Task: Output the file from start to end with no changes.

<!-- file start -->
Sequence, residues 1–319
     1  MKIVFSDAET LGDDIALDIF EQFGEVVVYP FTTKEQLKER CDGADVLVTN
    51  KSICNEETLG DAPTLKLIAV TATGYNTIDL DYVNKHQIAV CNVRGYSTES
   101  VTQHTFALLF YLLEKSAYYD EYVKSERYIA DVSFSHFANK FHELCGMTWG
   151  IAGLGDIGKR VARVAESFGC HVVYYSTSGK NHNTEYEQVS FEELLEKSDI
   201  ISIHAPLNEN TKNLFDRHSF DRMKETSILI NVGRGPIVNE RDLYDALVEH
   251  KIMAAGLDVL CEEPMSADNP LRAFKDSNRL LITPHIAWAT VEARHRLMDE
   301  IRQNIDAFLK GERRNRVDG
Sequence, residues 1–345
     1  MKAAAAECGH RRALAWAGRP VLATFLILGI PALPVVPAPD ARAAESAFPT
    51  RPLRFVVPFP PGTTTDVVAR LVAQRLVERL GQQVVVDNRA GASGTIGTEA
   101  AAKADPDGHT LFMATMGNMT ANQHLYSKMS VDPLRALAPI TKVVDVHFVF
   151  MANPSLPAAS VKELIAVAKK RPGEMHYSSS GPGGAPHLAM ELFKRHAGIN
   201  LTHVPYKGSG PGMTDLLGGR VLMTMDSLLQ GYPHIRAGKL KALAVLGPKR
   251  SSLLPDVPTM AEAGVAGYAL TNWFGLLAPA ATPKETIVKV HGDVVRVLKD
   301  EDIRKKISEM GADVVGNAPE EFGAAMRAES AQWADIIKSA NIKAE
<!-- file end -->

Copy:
Sequence, residues 1–319
     1  MKIVFSDAET LGDDIALDIF EQFGEVVVYP FTTKEQLKER CDGADVLVTN
    51  KSICNEETLG DAPTLKLIAV TATGYNTIDL DYVNKHQIAV CNVRGYSTES
   101  VTQHTFALLF YLLEKSAYYD EYVKSERYIA DVSFSHFANK FHELCGMTWG
   151  IAGLGDIGKR VARVAESFGC HVVYYSTSGK NHNTEYEQVS FEELLEKSDI
   201  ISIHAPLNEN TKNLFDRHSF DRMKETSILI NVGRGPIVNE RDLYDALVEH
   251  KIMAAGLDVL CEEPMSADNP LRAFKDSNRL LITPHIAWAT VEARHRLMDE
   301  IRQNIDAFLK GERRNRVDG
Sequence, residues 1–345
     1  MKAAAAECGH RRALAWAGRP VLATFLILGI PALPVVPAPD ARAAESAFPT
    51  RPLRFVVPFP PGTTTDVVAR LVAQRLVERL GQQVVVDNRA GASGTIGTEA
   101  AAKADPDGHT LFMATMGNMT ANQHLYSKMS VDPLRALAPI TKVVDVHFVF
   151  MANPSLPAAS VKELIAVAKK RPGEMHYSSS GPGGAPHLAM ELFKRHAGIN
   201  LTHVPYKGSG PGMTDLLGGR VLMTMDSLLQ GYPHIRAGKL KALAVLGPKR
   251  SSLLPDVPTM AEAGVAGYAL TNWFGLLAPA ATPKETIVKV HGDVVRVLKD
   301  EDIRKKISEM GADVVGNAPE EFGAAMRAES AQWADIIKSA NIKAE